Many plants throughout Illinois are subject to attack by gall-forming organisms. Organisms that can cause galls on plants include viruses, bacteria, fungi, nema-todes, mistletoe, mites, and insects. Insects--including beetles, wasps, moths, flies, midges, sawflies, thrips, scales, adelgids, aphids, psyllids, and twig borers--produce most galls. Many plants are hosts of insect gall-formers, but particularly cottonwood and other poplars, willow, eucalyptus, ficus, and oak. Oaks (Quercus sp.) are susceptible to a wide diversity of gall-forming insects. A gall is an abnormal plant swelling caused by the gall-forming insect, which lives part of its life in the galls, feeding inside the gall on the surrounding contents of plant cells.
The insect feeds on plant cells that are rich in carbohydrates, protein, and fats. As the insect feeds, it injects growth-inducing chemicals into the plant tissues. The injected chemicals cause plant cells to abandon their normal growth pattern. This creates enlarged cells that divide until an abundance of reorganized tissue surrounds the insect. Insect gallers may control plant development in different ways, including directly disrupting the plantís hormonal balance or altering the cellsí DNA. Insect feeding or egg laying may form galls.
The primary group of insects that form galls on oaks are cynipid wasps, which are responsible for approximately 80% of oak galls. These galls are generally found on leaves and branches. Cynipid wasp adults are 1 to 6 millimeters long, antlike, and deep black in color. The galls they form can range from 1 to more than 50 millimeters in diameter and are round or irregular in shape. Many oak galls are large and very apparent. Female cynipid wasps lay eggs into actively growing meristematic tissue. The feeding of the wasp larvae causes a growth reaction in oak leaves, which results in the formation of galls. The wasp larva feeds on the gall tissue and pupates within the gall; then the adult chews an exit hole to emerge. The life cycle of gall forming wasps may be complex, involving alternations between generations of sexual and asexual individuals. Galls of these generations may differ in appearance and may be found on different plant parts. Thus, a single species of wasp can contain members that cause two distinctly different types of galls. This has led to confusion in determining the many types of oak galls.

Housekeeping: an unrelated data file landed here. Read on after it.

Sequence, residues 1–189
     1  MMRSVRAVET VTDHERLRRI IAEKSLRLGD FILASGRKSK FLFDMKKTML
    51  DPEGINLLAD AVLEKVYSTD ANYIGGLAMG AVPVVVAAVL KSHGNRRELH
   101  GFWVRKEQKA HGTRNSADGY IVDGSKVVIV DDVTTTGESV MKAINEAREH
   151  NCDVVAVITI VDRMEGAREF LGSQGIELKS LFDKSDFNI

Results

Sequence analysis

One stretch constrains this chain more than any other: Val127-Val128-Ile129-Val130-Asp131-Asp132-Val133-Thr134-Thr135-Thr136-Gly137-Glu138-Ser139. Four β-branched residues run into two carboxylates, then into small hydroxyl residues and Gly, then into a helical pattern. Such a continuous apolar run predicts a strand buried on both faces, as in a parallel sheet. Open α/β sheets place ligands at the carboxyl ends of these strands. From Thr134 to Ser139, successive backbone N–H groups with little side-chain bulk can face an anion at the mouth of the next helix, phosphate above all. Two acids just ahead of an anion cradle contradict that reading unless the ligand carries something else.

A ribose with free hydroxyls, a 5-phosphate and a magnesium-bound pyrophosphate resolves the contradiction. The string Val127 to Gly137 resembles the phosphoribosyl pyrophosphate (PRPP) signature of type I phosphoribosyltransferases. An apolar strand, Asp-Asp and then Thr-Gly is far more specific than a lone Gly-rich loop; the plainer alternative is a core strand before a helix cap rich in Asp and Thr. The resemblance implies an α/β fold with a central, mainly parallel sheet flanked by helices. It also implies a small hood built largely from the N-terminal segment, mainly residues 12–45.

Oak galls are generally not considered a problem as the galls cause minimal, if any, apparent reduction in plant vigor and growth. In fact, I believe they make oaks look more attractive (this is my bias). However, two galls that may damage oaks are the horned oak gall (Callirhytis cornigera) and the gouty oak gall (Callirhytis quercuspunctata). Cynipid wasps cause both galls. These galls can girdle plant stems and may cause significant branch dieback. The best way to manage oak galls is simply by pruning them out--because once the gall is formed, options are limited.